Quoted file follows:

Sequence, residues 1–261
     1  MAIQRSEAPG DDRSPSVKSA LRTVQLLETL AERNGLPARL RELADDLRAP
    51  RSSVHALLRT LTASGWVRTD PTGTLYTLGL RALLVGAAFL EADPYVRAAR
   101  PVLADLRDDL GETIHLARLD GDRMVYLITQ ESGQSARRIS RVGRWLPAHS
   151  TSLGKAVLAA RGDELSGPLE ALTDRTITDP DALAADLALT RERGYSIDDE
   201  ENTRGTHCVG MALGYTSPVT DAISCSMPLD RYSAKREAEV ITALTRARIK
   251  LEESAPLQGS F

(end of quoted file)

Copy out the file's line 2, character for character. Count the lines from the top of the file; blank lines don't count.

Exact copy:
     1  MAIQRSEAPG DDRSPSVKSA LRTVQLLETL AERNGLPARL RELADDLRAP